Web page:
Former cricketer Andrew ‘Freddie’ Flintoff praised the ‘amazing’ people of Manchester as he overcame his self-professed personal battles to win his first ever professional boxing match.
The ex-Lancashire and England all-rounder defeated American Richard Dawson by one point and described his debut fight as being like an ‘out of body experience’.
Flintoff compared representing England at cricket to his tough training programme and admitted he fought hard to win some mental battles in the process.
“When you have the chance to represent what I think is the best county in the world and you’ve had the opportunity to play for England in an Ashes series and be successful – I think that is massive,” he said.
“But with this it’s a personal achievement and a personal battle and it’s something that doesn’t come naturally to me.
“The battles I’ve had to play with my mind, mentally, breaking down barriers every day trying to improve, is on a personal level as good as anything.
“It was amazing, the people of Manchester, friends and family, it was like an out of body experience – it was unbelievable.”
A host of former teammates including Darren Gough, Matthew Hoggard and Steve Harmison joined celebrities John Bishop and Jack Whitehall ringside before the fight.
And when Flintoff bounded into the ring to the sound of Oasis, wearing his prized number eleven Lancashire shirt, Manchester Arena erupted into chants of ‘Freddie, Freddie’.
The debutant pushed the pace early-on, but was caught by a Dawson right-hand in the second round and only regained composure after an eight count from the referee.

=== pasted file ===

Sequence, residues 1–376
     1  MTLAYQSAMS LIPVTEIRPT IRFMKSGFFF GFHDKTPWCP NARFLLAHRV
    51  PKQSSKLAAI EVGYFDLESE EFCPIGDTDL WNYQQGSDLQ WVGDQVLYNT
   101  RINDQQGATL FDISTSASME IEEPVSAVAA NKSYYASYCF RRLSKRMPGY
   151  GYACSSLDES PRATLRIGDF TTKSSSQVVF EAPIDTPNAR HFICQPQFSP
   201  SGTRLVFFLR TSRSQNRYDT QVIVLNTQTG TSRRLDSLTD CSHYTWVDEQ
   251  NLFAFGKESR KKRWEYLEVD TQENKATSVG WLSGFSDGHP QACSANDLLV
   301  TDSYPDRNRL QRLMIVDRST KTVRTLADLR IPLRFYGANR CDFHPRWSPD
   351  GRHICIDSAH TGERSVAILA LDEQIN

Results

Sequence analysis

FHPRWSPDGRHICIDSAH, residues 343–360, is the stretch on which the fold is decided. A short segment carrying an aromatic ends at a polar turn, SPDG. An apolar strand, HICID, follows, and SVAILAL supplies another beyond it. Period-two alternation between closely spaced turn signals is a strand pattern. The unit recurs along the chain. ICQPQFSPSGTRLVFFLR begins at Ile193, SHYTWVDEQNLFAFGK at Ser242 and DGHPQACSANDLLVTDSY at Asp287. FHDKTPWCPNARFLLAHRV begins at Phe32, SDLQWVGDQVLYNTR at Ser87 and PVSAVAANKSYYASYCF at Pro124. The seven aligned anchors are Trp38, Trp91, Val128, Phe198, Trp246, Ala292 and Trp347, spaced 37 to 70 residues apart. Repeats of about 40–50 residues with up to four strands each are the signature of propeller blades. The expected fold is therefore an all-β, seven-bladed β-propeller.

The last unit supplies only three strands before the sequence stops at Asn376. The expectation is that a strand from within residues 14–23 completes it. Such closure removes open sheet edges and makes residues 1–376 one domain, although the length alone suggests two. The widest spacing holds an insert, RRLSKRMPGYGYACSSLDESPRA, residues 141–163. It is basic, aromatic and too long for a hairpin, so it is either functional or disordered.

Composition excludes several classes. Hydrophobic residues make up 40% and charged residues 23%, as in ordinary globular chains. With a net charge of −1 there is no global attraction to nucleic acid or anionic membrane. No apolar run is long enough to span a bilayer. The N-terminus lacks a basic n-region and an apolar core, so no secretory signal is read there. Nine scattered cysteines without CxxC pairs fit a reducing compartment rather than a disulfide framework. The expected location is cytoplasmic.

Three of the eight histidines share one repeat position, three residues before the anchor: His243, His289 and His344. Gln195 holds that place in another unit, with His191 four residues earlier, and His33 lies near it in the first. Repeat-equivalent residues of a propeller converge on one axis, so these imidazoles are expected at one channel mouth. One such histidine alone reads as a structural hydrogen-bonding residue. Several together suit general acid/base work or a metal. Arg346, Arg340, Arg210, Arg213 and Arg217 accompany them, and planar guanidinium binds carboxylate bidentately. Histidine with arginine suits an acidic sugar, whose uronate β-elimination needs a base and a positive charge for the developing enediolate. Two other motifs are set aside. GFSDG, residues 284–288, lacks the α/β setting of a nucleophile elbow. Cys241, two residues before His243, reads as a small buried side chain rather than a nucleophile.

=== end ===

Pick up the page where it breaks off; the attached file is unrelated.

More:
“I got caught and went down,” he said. “It was a half decent shot.”
“But then I stood up and the ref said ‘what’s your name?’ so I said Freddie ain’t it? And that made me even more determined, I didn’t want it to finish then.”
Flintoff – buoyed by the home crowd – had the American on the ropes in the third and was by far the busier fighter in the final round.
As the bell went the novice said he had no idea if he had won the fight, claiming he was not even sure how the scoring system worked.
But Flintoff was awarded a 39-38 win and praised his training team of Barry and Shane McGuigan for the life lessons learned over the last four and a half months.
“I think I got the full experience, I got the canvas, I got the black eye, I got the win,” he said.
“Shane said to me you can apply the dedication and discipline to everything in your life afterwards and that is what I thoroughly intend to do.
“I can close my eyes tonight safe in the knowledge that I have overcome a few things with help from these guys and I gave it everything I’ve got.”
Flintoff said he would take some time to enjoy the Christmas period and think about his future, but admitted he had thoroughly enjoyed the occasion surrounding his bout.
“The sense of occasion, the sense of what was going on,” he said. “The music was on, we were chatting and I heard the Oasis track we’d picked.
“I had my Lancashire shirt on again and walking out in front of the crowd I thought you know what, I like this.”